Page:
The MedRisk Blog

Study Spotlight: The Lasting Legacy of Delayed Injured Worker Treatment During the COVID-19 Pandemic

Non-urgent medical services were suspended across the country in spring 2020 to reserve resources for COVID-19 patients. How is this expected to impact injured worker treatment and associated costs in the long term?

In an unprecedented move for the U.S. health care system, many medical services were halted in spring 2020 to reserve resources for a potential surge of COVID-19 patients. There had been little published on the long-term effects of this on injured workers until the Workers’ Compensation Insurance Rating Bureau of California’s October 2020 report “Cost Impacts of Medical Care Delays in the California Workers’ Compensation System.” In it, the organization analyzed how the suspension of California’s non-urgent medical care in March and April 2020 impacted the state’s workers’ compensation system and its expected influence on claims in the long term.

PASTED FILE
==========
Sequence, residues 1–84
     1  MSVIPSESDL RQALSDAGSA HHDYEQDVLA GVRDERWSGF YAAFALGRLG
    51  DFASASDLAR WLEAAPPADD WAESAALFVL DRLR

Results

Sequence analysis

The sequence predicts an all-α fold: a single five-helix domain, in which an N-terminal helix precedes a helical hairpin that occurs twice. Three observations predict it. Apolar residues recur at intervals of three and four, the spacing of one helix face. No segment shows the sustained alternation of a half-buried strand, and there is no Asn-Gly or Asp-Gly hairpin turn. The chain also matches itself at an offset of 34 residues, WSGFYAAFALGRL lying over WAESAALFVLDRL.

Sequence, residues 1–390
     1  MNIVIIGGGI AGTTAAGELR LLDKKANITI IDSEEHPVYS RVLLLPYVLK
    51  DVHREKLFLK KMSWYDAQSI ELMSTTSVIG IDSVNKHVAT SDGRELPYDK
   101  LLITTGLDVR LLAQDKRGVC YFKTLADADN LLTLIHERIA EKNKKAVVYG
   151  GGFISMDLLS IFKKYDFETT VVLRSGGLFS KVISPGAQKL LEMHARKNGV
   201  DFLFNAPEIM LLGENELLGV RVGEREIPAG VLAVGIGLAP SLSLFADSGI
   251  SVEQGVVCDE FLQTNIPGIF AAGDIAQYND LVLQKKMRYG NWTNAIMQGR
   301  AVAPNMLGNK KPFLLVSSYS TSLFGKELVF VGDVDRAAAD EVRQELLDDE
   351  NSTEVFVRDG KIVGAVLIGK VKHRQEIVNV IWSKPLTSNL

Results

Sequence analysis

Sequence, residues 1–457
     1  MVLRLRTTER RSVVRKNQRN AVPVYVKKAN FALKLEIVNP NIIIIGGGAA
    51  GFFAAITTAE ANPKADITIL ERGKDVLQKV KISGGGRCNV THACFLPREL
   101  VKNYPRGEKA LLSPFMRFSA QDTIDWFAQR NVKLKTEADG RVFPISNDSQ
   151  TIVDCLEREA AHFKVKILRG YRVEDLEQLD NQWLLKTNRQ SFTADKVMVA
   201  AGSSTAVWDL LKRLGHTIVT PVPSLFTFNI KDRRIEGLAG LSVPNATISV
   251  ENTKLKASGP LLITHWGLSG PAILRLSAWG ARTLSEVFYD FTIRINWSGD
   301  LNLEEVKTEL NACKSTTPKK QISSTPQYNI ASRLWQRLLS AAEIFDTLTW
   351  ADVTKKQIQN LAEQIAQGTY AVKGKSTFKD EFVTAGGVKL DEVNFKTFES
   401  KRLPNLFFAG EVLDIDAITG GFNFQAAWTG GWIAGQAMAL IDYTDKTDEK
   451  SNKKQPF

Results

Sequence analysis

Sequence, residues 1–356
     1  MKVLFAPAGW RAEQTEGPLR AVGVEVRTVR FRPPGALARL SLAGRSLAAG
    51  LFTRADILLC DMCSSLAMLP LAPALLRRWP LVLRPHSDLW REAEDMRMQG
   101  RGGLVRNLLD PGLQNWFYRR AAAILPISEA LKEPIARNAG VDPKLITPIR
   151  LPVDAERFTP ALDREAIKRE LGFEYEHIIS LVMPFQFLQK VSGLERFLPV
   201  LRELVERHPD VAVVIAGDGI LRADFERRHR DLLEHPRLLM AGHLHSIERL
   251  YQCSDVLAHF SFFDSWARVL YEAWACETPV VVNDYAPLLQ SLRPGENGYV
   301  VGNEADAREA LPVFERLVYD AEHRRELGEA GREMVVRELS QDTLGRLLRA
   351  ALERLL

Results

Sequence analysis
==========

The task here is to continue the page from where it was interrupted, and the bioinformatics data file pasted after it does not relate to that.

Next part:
The study used historical indemnity claim information to examine the implications of first medical service delays on medical and indemnity costs, which were found even four years after injury. The report showed that injured workers with soft tissue injuries whose first medical service was delayed a month had higher indemnity and medical costs that persisted for years. These claims were also more likely to stay open longer, have a longer duration of temporary disability, and involve permanent disability. Similar results were found for other common workers’ compensation diagnoses like low back pain, sprain, and fracture.

Importantly, soft tissue claims with postponed first physical therapy treatment also had significantly higher medical and indemnity costs for years following injury compared to similar claims with no PT delays. These findings reinforce MedRisk’s commitment to helping injured workers receive prompt physical therapy treatment, with an average 4-hour turnaround time from referral to scheduling and just 2.6 days to initial evaluation.

Click here to read the WCIRB’s full report.